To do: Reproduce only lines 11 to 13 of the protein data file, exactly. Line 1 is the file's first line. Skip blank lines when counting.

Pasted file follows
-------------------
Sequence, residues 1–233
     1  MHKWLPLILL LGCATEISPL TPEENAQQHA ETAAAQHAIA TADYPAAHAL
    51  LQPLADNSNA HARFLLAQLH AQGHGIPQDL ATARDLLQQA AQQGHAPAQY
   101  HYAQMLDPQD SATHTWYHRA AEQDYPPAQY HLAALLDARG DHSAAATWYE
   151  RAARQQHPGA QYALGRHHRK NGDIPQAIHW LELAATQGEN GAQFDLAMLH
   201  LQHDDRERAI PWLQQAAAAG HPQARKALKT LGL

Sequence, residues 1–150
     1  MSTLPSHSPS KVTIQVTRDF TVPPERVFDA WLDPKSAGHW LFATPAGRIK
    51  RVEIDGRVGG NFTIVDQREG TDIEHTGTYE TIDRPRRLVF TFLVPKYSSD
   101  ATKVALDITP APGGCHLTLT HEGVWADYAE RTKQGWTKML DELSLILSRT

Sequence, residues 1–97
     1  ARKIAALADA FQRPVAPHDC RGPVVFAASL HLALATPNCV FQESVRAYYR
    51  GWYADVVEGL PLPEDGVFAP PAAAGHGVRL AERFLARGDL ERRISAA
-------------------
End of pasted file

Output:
Sequence, residues 1–97
     1  ARKIAALADA FQRPVAPHDC RGPVVFAASL HLALATPNCV FQESVRAYYR
    51  GWYADVVEGL PLPEDGVFAP PAAAGHGVRL AERFLARGDL ERRISAA